Hauntology  

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Train wreck at Montparnasse (October 22, 1895) by Studio Lévy and Sons.
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Train wreck at Montparnasse (October 22, 1895) by Studio Lévy and Sons.
Gary Sauer-Thompson on hauntology

Hauntology is an idea within the philosophy of history introduced by Jacques Derrida in his 1993 work Spectres of Marx. The word, a combination of the word haunt and the suffix -ology, and a near-homophone to ontology in Derrida's native French, deals with "the paradoxical state of the spectre, which is neither being nor non-being", according to Lisa Gye in her project Halflives: A Mystory.

The term goes back to 1848 when Karl Marx and Friedrich Engels stated: “A spectre is haunting Europe — the spectre of communism” in the incipit to The Communist Manifesto.

In music criticism

From 1995 onwards, the term hauntology has popped up in the British music press and blogosphere. The first to use the term were Ian Penman ‘([the Phantoms of] TRICKNOLOGY [versus a Politics of Authenticity]’ in The Wire from 1995) and David Toop (Haunted Weather : Music, Silence, and Memory (2004)). In the musical blogosphere it has been most ardently used by K-Punk, Woebot, Simon Reynolds and Padraig in connection to dubstep artists such as Kode9 and Sam Shackleton. In 2008 there was a Hauntology Now! symposium.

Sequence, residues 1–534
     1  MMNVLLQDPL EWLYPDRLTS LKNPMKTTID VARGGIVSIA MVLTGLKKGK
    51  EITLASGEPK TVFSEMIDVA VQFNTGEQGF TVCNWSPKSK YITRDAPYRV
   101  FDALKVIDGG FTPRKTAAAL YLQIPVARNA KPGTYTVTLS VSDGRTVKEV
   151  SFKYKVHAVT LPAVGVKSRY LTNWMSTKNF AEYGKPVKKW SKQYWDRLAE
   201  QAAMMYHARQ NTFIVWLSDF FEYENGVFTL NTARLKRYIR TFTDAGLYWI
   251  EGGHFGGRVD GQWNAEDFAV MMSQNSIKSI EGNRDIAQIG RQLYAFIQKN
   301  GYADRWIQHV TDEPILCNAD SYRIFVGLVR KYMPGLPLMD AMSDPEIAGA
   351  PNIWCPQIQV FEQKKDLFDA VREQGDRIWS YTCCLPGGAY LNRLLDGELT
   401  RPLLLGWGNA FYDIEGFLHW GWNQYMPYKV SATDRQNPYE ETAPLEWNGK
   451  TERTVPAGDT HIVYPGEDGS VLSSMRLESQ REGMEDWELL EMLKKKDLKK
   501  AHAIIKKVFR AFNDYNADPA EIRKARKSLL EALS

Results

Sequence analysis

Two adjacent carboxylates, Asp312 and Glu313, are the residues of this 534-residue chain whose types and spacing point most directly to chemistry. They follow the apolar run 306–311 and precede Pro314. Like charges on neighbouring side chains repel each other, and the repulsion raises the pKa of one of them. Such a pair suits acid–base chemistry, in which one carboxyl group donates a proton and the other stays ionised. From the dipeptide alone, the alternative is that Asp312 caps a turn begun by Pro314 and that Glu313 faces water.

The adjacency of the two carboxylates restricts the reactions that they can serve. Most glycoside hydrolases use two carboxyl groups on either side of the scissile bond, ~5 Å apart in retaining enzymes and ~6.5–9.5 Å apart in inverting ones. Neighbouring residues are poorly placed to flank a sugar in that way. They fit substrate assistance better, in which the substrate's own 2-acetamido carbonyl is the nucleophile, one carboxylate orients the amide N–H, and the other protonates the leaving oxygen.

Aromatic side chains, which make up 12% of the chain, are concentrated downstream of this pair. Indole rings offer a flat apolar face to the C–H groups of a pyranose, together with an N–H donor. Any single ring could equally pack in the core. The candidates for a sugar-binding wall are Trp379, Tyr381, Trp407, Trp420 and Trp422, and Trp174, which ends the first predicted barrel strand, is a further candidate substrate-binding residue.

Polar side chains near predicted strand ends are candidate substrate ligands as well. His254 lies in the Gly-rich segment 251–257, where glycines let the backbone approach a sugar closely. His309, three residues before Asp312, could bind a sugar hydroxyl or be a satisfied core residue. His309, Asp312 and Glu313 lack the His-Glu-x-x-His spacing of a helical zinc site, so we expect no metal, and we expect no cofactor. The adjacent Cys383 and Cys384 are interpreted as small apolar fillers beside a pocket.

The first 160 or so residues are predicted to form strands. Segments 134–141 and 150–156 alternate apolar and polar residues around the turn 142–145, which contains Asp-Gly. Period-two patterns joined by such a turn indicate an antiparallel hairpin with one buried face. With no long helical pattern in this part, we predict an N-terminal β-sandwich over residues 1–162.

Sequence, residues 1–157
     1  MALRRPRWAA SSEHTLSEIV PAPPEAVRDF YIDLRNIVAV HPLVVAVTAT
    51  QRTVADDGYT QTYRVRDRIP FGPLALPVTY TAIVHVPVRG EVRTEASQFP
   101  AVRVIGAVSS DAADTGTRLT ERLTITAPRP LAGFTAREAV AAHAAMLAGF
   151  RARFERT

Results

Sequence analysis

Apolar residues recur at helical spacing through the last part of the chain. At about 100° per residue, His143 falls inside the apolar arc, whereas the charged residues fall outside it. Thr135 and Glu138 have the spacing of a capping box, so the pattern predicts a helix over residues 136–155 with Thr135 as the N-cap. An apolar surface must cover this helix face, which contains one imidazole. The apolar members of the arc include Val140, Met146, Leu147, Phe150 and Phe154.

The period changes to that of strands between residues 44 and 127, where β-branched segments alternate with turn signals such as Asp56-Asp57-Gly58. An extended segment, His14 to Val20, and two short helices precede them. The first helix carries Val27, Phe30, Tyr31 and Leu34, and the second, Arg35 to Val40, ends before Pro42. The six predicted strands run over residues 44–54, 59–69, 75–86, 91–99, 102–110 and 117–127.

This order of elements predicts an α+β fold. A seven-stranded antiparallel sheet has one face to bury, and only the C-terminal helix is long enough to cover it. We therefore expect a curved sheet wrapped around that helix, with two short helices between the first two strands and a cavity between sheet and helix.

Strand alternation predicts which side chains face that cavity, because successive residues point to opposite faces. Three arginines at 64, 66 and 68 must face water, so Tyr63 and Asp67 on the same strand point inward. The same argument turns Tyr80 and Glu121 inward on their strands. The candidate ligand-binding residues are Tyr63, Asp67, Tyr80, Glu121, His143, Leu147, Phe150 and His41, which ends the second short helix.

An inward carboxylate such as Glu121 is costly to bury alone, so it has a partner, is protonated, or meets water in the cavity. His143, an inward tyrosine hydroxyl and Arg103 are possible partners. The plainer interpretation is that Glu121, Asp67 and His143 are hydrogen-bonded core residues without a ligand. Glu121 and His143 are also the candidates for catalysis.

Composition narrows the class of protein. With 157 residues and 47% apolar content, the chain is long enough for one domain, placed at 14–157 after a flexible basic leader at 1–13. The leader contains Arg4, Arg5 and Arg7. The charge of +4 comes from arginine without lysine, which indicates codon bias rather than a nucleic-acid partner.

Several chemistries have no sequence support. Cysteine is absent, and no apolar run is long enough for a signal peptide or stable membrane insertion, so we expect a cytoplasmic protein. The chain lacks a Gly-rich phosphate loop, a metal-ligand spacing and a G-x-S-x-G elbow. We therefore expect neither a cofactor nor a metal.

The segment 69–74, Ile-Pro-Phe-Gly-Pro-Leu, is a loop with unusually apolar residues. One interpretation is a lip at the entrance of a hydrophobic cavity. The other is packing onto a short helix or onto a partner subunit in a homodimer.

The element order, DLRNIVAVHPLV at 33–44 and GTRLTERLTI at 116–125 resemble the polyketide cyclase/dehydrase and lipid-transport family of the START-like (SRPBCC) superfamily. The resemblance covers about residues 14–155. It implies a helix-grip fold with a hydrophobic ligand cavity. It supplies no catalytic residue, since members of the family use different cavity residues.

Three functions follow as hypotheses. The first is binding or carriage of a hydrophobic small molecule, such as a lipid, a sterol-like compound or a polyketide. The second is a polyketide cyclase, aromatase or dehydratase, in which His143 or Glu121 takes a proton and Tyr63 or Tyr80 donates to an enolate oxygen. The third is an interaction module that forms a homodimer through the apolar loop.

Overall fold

See also




Unless indicated otherwise, the text in this article is either based on Wikipedia article "Hauntology" or another language Wikipedia page thereof used under the terms of the GNU Free Documentation License; or on original research by Jahsonic and friends. See Art and Popular Culture's copyright notice.

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